Cochren begins new journey as Hatchet AD

Todd Lancaster | Times HeraldNew Washington Athletic Director Larry Cochren settles into his new office on Tuesday. Cochren was most recently AD at Richmond and spent many years at Bosse in Evansville.

For almost 15 years Gene Miiller has been a staple on the Washington bench — and in the athletic director's office. However, earlier this week that office became the new home of veteran AD Larry Cochren.

Cochren was hired in May to replace Miiller, who announced his retirement from that aspect of his job in March.

A native of Huntingburg, Cochren was the AD at Richmond High School but before going to Richmond, he served as AD at Evansville Bosse for 15 years.

He was named the District 6 Athletic Director of the Year in 2012 and 2015, and in 2017 in the Richmond district. In 2015, Cochren received the State of Indiana Distinguished Service Award. He comes to Washington as one of the most respected AD's in the state and has been elected to serve as president of the Indiana Interscholastic Athletic Administrators Association for 2019-2020.

However, all accomplishments aside, Cochren said he is here for the student-athletes and coaches.

"I loved my time in Evansville. I loved the kids and the coaches, but I was ready for another challenge when I went to Richmond," said Cochren. "We meet some wonderful people in Richmond, but in the last two years, we realized that we wanted to be back in this area. My wife (Sheila) is a nurse and we wanted to be closer to help with health concerns for some of her family members.

"When Coach Miiller retired, we thought this would be a great opportunity and we feel very fortunate to have landed in Washington."

Cochren said that one of his goals is to be visible at the school and around the sports environment.

"I think when you are visible, both kids and coaches know you care about what they are doing. I care about all sports and I try to be positive with everybody," he added.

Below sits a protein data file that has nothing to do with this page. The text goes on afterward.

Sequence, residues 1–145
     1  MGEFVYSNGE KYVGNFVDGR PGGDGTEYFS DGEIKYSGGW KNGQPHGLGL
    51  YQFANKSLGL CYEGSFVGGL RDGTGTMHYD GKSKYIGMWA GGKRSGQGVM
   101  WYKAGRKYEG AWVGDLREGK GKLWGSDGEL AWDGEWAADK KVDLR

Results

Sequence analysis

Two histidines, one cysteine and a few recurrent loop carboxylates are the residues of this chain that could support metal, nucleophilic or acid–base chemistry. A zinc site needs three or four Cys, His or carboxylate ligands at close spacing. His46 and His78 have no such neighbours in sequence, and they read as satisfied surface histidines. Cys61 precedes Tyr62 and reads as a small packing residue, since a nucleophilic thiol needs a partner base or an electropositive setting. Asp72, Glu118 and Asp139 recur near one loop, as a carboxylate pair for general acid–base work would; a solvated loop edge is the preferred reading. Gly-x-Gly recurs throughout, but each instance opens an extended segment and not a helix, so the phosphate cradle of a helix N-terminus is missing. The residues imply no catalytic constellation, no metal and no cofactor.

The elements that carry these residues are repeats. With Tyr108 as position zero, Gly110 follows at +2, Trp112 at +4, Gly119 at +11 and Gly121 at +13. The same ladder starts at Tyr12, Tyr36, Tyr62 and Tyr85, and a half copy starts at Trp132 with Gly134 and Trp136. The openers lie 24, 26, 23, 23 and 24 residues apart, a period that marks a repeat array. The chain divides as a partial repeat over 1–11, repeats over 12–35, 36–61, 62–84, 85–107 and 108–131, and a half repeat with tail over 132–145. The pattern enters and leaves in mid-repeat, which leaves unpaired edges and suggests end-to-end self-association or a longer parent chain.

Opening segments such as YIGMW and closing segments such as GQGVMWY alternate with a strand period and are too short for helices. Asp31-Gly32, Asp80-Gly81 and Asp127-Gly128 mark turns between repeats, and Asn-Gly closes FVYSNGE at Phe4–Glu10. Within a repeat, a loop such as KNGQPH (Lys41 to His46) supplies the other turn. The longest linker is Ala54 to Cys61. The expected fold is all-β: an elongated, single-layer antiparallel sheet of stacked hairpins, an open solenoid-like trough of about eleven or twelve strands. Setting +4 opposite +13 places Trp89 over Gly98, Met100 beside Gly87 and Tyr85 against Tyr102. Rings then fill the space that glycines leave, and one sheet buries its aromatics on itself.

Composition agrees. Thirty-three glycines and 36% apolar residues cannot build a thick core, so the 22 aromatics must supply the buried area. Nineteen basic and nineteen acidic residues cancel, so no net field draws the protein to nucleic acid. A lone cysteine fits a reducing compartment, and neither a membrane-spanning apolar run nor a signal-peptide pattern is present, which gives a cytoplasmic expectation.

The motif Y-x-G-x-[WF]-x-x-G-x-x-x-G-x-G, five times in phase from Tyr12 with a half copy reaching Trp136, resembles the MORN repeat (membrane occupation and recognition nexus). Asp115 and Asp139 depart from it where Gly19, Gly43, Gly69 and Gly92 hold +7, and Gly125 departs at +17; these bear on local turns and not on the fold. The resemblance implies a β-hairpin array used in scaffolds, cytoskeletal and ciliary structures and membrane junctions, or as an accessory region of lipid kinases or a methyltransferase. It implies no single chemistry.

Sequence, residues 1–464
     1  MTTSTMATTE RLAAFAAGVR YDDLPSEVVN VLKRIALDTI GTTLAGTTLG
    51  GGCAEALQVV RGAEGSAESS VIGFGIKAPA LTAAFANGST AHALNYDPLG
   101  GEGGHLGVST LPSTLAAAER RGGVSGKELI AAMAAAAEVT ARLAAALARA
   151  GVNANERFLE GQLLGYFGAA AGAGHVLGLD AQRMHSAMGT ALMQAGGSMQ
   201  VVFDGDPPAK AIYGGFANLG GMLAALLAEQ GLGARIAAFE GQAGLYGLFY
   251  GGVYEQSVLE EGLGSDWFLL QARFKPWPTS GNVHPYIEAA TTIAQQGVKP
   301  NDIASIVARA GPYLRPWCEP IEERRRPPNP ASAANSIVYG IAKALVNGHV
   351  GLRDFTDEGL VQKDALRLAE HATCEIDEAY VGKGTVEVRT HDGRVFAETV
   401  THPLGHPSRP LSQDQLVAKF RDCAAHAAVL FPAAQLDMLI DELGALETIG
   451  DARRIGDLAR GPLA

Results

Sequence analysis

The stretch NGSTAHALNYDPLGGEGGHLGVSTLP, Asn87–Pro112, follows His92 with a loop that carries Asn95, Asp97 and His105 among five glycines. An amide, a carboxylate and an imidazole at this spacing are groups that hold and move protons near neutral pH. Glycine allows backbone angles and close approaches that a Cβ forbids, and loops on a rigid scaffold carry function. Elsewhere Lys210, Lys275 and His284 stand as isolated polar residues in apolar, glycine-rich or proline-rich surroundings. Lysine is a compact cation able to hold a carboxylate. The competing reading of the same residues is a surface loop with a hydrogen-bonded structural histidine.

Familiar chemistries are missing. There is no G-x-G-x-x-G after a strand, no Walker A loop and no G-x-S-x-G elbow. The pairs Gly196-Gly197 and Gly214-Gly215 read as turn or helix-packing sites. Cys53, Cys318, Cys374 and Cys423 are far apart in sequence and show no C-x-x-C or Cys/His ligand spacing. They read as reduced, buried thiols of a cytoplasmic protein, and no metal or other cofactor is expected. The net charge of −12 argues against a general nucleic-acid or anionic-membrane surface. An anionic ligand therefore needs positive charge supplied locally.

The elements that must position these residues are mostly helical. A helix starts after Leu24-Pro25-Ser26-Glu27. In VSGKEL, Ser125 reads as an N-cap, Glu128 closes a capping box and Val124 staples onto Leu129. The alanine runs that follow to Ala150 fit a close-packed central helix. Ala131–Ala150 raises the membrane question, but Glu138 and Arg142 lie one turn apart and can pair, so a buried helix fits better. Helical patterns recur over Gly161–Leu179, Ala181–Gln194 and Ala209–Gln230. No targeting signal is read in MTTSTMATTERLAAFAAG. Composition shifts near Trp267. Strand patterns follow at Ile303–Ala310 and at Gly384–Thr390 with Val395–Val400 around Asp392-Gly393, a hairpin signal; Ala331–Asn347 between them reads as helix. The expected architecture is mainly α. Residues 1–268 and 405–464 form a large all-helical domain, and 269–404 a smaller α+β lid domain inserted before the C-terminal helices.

"We are lucky, because Washington is pretty competitive in most sports. However, one of the big things where I see a need is getting kids to come out and play. I don't know what the answer is, but we have to find a way to get them playing earlier and keep them participating in high school."

Cochren is a former high school basketball and tennis player, along with being a former college tennis player and coach.

"One of the things that I bring to the table is an understand of what kids go through and what coaches go through. You have to understand both sides.

"I think I can help those kids who want to play at the next level, but there are a lot of next levels and you have to be realistic about that. I was one of those kids who needed athletics to help motivate me through school and I have an understanding of some of those avenues," said Cochren.

With the dissolving of the Big 8 Conference over the next few months and Washington's admission into the PAC, Cochren feels like he should be able to handle the change-over.

"I know every AD in the this area pretty well so I think we will find ways to make it work. The biggest thing is to figure out how the conference will 'divi' things up. I'm not sure every sport needs to be divided up or that you need to play every school in the conference. I don't know if it does our soccer team any good to play 13 conference games when you only have 16 games. However, I don't know how it is going to play out because we (as a conference) haven't had those discussions yet," he added.

"I don't think basketball will be the hard one to figure out. This is predicated by football. We aren't sure whether there will be crossover games with some of the smaller schools or whether you will have to pick up one or two games. When Jasper joined the SIAC they will now lose two of its biggest rivals in Southridge and Heritage Hills. However, we just won't know until the conference gets everyone in the room together."

Cochren said that he is hoping to relocate to the area. He and his wife have two grown sons, Jonathon, 25, and Cameron, 23.

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